My general answer would be yes. Doing reviews provides several benefits, first, you will see manuscripts before they are published. You will spend time reading new research in detail in a way you probably would not otherwise. You can use the experience to learn about how to write (or how not to write) a manuscript. You will contribute to your field as is expected from all scientists. Being appointed to review also signals someone has identified you as a possible expert in the field.
There are, however, some possible caveats. You should not spend time on manuscripts from disreputable journals. One way to gain insight into this is to ask your advisor about the journal if you do not feel you have the insight yourself. If the manuscript is far removed from your own work, you should probably also decline with the comment that it is not within your expertise.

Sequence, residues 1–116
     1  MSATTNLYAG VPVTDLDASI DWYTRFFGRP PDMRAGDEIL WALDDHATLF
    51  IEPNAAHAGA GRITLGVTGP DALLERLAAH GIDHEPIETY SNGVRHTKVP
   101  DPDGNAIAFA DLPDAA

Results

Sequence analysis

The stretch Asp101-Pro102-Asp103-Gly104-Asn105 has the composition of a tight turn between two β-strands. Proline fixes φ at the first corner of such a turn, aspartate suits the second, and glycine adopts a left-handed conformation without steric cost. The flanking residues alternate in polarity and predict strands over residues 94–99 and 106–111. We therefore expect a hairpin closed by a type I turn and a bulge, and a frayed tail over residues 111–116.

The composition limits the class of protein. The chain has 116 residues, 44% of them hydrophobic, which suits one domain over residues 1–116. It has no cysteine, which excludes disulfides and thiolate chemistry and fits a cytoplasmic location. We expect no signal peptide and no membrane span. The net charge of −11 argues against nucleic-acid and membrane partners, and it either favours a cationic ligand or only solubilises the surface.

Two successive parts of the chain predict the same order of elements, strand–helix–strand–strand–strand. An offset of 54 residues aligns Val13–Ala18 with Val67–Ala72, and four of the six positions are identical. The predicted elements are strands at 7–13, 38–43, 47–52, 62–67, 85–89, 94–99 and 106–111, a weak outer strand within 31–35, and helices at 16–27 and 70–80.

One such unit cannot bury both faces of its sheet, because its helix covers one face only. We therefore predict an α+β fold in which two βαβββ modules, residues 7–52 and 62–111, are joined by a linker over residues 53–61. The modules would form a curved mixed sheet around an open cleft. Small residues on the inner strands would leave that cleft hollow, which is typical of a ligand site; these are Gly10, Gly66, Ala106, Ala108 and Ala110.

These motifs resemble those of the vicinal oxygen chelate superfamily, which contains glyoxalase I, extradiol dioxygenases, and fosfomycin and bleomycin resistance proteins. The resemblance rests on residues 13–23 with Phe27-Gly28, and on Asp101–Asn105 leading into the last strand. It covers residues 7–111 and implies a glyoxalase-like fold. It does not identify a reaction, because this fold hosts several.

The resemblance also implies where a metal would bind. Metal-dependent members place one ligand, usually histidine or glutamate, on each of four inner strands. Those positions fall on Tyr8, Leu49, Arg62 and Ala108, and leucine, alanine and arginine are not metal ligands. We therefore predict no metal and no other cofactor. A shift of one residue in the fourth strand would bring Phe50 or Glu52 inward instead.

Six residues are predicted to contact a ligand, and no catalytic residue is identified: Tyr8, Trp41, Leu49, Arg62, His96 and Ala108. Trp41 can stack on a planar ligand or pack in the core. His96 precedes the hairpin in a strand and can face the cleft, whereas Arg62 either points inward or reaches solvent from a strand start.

It is true that this will take time off from your PhD work to some extent but you will be able to learn from the experience if you consider the process of evaluating work and assessing the standard in which manuscripts are submitted. Of course, one review, will not give you all insights, but given that you do a few during your PhD time, you will gain new insights into the publishing world other than submitting and revising your own work.
A final point: reviewing for a JCR journal or a journal that is not listed should not differ. The review work is equally important for all publications. A journal that is not listed can become listed if published work is of high quality and thereby referenced sufficiently.